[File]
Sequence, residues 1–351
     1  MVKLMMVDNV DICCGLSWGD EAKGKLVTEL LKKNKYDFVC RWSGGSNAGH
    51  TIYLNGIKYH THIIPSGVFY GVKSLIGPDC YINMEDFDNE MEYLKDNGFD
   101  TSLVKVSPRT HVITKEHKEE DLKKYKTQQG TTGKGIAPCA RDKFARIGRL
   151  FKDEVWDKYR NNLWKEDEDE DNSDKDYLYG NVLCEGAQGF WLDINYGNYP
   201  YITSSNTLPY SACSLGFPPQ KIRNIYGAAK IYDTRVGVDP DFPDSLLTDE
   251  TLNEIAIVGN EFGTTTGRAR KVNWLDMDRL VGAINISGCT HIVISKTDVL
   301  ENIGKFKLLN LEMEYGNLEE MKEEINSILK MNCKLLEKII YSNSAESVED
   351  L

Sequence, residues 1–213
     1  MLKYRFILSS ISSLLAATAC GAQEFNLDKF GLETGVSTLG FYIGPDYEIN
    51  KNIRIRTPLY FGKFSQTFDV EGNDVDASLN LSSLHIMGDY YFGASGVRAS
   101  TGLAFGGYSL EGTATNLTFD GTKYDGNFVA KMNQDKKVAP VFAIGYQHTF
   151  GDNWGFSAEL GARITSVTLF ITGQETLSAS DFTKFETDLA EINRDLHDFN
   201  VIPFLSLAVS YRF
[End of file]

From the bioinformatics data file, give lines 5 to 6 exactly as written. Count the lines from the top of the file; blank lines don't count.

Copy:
   151  FKDEVWDKYR NNLWKEDEDE DNSDKDYLYG NVLCEGAQGF WLDINYGNYP
   201  YITSSNTLPY SACSLGFPPQ KIRNIYGAAK IYDTRVGVDP DFPDSLLTDE